Do you know whether your business is required
to have a corporate seal and official stock certificates? These items were once required
items for corporations. Now, even though they are no longer required, they can still be
extremely useful. Most states still recognize the legal power of a corporate seal and official
stock certificates. The corporate seal, like a state seal, was
once the official mark of a corporation. Corporate Seals are official identifying marks that
are imprinted into clay, wax, metal or paper. Today’s more modern Corporate Seals emboss
the corporation’s official name, state and year of its formation onto legal documents
which represent the power and authority to authenticate them. As a corporation is considered
a separate entity, its own person, and the seal acted as its signature.
This was because an individual could not authorize certain corporate acts, and the corporate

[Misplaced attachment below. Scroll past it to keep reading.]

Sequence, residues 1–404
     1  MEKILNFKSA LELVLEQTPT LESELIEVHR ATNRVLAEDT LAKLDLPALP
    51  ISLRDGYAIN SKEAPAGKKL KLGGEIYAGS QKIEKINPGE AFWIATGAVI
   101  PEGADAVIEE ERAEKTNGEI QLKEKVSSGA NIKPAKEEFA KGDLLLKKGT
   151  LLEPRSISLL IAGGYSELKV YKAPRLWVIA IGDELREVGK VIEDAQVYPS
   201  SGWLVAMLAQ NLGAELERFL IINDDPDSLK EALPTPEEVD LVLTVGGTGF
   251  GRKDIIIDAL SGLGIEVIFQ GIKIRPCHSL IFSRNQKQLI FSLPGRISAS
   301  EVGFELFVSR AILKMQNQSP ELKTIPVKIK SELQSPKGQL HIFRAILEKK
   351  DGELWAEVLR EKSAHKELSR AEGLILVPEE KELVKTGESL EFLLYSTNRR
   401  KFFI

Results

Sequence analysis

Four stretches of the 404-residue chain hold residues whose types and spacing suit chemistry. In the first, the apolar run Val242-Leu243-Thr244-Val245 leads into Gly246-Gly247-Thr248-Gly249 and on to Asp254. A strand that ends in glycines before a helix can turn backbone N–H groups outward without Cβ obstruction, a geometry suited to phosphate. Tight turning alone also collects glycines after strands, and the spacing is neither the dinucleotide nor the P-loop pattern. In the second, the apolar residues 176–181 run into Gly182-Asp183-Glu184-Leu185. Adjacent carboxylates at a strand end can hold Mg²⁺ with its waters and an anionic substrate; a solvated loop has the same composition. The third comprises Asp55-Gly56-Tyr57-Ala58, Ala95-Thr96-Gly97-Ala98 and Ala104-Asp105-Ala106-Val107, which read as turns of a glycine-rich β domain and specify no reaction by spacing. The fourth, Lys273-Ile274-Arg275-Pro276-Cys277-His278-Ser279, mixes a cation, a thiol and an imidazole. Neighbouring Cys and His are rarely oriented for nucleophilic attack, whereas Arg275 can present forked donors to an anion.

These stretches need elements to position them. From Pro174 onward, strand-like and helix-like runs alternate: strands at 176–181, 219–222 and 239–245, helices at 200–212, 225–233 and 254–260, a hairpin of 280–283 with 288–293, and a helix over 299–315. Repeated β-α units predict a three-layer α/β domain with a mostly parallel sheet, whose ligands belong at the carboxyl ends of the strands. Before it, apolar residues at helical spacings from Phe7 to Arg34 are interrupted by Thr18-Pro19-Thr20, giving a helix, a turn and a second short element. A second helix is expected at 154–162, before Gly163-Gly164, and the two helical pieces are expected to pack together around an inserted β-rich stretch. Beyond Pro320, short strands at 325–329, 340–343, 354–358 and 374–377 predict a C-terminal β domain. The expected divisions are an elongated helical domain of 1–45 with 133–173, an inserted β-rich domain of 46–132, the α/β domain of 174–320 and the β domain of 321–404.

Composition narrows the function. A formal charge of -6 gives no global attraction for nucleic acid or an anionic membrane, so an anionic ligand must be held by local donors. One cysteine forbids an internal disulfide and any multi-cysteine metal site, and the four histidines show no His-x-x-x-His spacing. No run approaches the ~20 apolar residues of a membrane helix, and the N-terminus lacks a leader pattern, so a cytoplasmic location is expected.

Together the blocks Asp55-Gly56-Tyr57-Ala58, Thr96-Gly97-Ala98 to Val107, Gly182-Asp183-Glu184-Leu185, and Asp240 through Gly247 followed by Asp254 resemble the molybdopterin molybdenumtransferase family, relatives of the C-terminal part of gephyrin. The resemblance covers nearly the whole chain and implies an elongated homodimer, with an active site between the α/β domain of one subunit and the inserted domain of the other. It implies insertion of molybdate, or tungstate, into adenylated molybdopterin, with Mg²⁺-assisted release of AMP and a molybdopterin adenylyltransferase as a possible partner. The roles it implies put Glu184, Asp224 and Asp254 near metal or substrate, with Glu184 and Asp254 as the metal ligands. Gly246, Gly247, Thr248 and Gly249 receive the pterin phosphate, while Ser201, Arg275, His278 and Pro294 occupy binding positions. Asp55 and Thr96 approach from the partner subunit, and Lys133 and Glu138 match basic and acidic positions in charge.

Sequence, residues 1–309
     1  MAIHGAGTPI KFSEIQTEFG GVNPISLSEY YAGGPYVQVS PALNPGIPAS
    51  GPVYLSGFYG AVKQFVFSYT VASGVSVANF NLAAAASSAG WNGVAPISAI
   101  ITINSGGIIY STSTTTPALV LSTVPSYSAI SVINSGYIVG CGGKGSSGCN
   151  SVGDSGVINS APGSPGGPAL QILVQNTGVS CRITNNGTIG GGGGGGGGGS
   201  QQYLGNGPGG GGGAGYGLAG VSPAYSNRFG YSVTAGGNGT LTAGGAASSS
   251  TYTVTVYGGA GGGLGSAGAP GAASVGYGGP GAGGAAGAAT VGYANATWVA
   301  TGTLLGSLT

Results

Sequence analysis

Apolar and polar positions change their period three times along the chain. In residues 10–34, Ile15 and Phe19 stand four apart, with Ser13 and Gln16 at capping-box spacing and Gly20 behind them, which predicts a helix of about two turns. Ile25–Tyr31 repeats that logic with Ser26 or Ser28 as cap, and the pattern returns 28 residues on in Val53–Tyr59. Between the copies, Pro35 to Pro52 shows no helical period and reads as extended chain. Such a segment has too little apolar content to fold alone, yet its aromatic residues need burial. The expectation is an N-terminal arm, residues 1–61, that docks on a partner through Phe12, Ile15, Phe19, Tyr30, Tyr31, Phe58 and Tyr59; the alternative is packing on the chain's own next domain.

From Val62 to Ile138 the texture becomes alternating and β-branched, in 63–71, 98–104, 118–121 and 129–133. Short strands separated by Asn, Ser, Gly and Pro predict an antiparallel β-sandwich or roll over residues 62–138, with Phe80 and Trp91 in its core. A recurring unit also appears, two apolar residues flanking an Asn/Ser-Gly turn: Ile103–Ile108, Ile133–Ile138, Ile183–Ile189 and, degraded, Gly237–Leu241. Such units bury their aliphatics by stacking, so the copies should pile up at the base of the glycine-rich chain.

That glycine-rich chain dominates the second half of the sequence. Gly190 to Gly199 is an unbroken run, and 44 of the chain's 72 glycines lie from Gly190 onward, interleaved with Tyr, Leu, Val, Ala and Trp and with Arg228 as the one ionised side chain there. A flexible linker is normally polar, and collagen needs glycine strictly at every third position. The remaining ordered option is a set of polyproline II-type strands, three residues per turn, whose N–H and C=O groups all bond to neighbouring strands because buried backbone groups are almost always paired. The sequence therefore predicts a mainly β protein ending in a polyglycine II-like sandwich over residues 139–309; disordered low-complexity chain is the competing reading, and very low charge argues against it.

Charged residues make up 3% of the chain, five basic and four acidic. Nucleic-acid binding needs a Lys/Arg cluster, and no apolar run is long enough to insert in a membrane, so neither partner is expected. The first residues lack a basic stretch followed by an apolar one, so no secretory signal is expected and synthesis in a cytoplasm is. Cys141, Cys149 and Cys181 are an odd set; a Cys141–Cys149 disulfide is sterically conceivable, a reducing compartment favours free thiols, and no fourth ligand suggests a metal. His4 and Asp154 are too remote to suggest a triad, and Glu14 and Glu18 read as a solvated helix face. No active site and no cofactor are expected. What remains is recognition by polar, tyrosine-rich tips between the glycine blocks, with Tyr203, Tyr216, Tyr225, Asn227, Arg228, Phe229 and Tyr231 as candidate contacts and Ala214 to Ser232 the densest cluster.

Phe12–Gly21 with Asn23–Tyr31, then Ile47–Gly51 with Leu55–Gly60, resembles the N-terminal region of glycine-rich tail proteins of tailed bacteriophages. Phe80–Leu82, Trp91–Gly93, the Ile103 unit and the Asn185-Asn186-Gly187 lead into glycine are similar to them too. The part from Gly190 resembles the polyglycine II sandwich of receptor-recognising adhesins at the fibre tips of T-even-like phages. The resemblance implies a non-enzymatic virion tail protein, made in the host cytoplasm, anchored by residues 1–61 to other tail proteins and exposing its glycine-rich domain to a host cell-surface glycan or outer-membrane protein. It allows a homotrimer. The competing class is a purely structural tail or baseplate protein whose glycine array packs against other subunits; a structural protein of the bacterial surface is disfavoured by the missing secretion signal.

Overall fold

seal proved corporate authority. In the digital age, though, technology has made the corporate
seal obsolete. You might sometimes still see a corporate seal used for deeds or bank accounts,
but even these are rare. Today, state laws recognize the signature of an individual with
corporate authority, such as the CEO or director, as binding upon the corporation.
Originally, official stock certificates served as title to a corporation’s stock and were
issued to all stock holders. These certificates showed proof of ownership of corporate shares.
Although electronic filing has now become popular, providing an alternative from the
official hard copies, many corporations still issue official stock certificates as they
provide a sense of authenticity and authority to the corporation.